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Waynesboro, Va. (AP)-- Bill Ditgood may have just solved all the world's energy and pollution troubles with just a little ingenuity and several weeks spent tinkering in his garage. His new device, called the Ultrajuice, a shoebox sized metal apparatus with a simple wall outlet built into the side, puts out power suitable to run all the appliances in a standard household without any resultant pollution or future replacement costs. Most importantly, it makes electric companies and electric bills a thing of the past.

Scientists from around the country have gathered at the humble abode of Ditgood to put the remarkable new Ultrajuice through its paces. Physicist Joe Libble of the Georgia Institute of Technology is one of the many scientists who, though he cannot deny the evidence presented, still wonders how everything he learned in introductory college physics could be proven suddenly so wrong. Says Libble, "The Ultrajuice is truly astounding! I placed a load of 900 amps across its two terminals, and the damn box didn't even get warm! What's more, it didn't make a noise. It just sat there, quietly making clean power. Ditgood is going to be a trillionaire!"

Chemist Adolph Arian of the Utah Institute of Technology, who for the past six years has been one of the few torchbearers in the field of Cold Fusion, another "free-energy" field, claimed today that it was pointless now to continue to try to confirm the existence of Cold Fusion. Tears ran from Arian's eyes as he said, "The Ultrajuice is just too darn good. ...My education and resumé, I'd like to throw it all away and have just a tenth of Ditgood's intelligence."

Ditgood's invention has utterly stunned the academic and scientific communities. Ditgood has lived his whole life in Waynesboro, a humble and somewhat seedy blue collar town, and there is no evidence that he graduated from Waynesboro High School, which he attended in the 1970s. Working mainly as a plumber, Ditgood dabbled in the energy field largely as a hobby, mainly in attempt to avoid having to pay electric bills.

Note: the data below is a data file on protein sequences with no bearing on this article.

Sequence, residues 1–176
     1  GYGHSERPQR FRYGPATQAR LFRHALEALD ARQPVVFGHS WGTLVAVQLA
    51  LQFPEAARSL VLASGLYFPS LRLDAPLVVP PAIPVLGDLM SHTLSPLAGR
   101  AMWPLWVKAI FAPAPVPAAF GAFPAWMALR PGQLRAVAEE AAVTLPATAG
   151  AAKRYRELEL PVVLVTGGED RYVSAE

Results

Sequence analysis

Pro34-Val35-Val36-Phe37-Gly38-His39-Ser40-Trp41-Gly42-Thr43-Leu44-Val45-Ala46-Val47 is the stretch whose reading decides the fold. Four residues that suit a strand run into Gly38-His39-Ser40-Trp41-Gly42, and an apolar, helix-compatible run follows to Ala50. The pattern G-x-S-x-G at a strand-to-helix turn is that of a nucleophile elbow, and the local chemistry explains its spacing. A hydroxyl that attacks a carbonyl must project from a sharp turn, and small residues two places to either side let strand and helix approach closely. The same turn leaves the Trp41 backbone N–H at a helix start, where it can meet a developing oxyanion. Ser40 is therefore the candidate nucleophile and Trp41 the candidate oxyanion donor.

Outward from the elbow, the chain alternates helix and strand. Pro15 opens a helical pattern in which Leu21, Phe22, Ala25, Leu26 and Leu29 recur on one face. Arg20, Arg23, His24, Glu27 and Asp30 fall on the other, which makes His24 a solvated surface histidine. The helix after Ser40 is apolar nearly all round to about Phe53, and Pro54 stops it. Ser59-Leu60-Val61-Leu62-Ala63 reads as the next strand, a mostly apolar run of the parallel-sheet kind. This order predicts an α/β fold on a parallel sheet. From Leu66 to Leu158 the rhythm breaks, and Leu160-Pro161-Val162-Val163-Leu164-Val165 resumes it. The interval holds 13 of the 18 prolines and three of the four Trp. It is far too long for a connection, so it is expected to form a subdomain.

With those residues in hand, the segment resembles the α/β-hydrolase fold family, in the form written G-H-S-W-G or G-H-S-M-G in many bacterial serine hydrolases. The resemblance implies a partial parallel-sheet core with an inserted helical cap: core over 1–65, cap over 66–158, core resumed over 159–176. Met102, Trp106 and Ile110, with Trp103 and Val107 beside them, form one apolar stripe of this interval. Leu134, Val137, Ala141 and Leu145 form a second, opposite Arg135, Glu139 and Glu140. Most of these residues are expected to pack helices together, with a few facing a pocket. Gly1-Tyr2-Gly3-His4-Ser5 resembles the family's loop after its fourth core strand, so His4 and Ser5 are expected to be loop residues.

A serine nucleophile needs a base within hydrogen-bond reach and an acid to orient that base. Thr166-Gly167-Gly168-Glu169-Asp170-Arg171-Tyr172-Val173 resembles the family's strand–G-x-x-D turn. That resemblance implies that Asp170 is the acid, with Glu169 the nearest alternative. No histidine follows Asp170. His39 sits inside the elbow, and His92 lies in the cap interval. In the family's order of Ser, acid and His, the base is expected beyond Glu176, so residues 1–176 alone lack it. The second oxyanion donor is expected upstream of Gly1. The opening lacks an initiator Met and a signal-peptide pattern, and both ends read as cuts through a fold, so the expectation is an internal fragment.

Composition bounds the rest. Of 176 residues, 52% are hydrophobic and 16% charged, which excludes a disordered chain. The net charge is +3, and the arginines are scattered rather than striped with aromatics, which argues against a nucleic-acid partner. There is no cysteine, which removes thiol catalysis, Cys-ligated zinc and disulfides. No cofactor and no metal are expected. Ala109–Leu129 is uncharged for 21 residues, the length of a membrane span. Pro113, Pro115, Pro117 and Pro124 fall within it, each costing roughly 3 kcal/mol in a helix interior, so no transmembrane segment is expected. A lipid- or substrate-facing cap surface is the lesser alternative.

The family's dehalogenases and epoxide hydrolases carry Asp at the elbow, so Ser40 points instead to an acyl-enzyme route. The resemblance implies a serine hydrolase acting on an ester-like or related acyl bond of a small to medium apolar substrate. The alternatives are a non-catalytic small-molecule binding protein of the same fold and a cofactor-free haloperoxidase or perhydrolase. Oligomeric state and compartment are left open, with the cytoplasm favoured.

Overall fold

The exact mechanism inside the Ultrajuice is a closely guarded secret, and only a few scientists have been allowed to peer inside. All who have say that Ditgood's mechanism is brilliant. Says Armand Pfister of MIT, "It's sublimely elegant, and it doesn't require any expensive materials or tricky machine work. What's more, it contains nothing that you have to worry about it leaking out in a hundred or a thousand years."

Ditgood guesses that an average Ultrajuice will cost about $150 to manufacture, and that it will then last for "many" years. How many? Says Otto Ptomistique of Virginia Polytechnic, "Maybe a million years, or until someone runs over it. Really, it's so chemically inert and physically rugged, I don't see it needing to be replaced once it's installed in your basement."

Perhaps a new age is being ushered in with the Ultrajuice. Rose Seevjeiw of the Reykjavik Academy of Science writes in the upcoming New England Journal of Science,

Overnight all of our gasoline powered cars are rendered obsolete. All of our electric power lines can come down. All of our hydroelectric dams can be dynamited. No longer must we foolishly pollute the air with evils known and unknown. And no longer is humanity chained down by the needs of available power. The Ultrajuice, weighing in at just twenty pounds, supplies enough power to propel a large aircraft, let alone the family car. What is more, the Ultrajuice is inexpensive and durable. It is likely that soon our automobiles will have infinite range, infinite life, and infinite power as well. Thus we, mankind, will have infinite power.

Environmentalist are among the biggest friends of the new Ultrajuice. Says I. M. Sewgreen of the group People for a Clean Earth, "Finally we have something to point to when Rush Limbaugh asks us what the alternatives to oil and nuclear are."

The Ultrajuice does, of course, have some detractors. Andy Billows, the President of Mobile Oil, the value of whose stock plummeted 80% following the announcement of the Ultrajuice, contends, "I've seen it all before...first it was solar, then geothermal, now it's this confounded contraption. It's just a fad. It won't last."

The Ultrajuice is having a destabilizing effect throughout the world as the price of oil futures falls sharply, down to as low as five cents a barrel for deliveries made in Summer, 1997. The future of some Arab states has been placed in serious jeopardy by the prospect of a greatly decreased need for oil in the world. Some, however have predicted that the Ultrajuice will have a net positive effect on the arid Middle East. Futurist and Middle East Specialist Edward Josephs, Ph.D., of Oberlin College, claims, "With desalinization plants running on Ultrajuices, the whole of the Arabian Peninsula can be brought under the plow and cultivated for the good of mankind, leading to a restructured but altogether healthy economy." Some have even proposed using Ultrajuices to thaw the Antarctic Continent from its ice-bound slumber so that it too might be populated and farmed.

Though now an instant media star, Ditgood remains humble. He has decided not to move out of his cramped house on Lew Dewitt Blvd., though he does plan to buy a new car to replace his aging 1992 Buick. He also recently bought his wife, Annie, a new diamond wedding ring to replace the silver one, all that he could afford, that he bought her back in 1974. As for the possibility of movie contracts, a book, and all the wealth of the world's substantial and growing energy needs, all Ditgood would say is simply, "We'll see."

The Ultrajuice weighs only 20 lbs and is roughly the size of a shoebox (AP Laserphoto).

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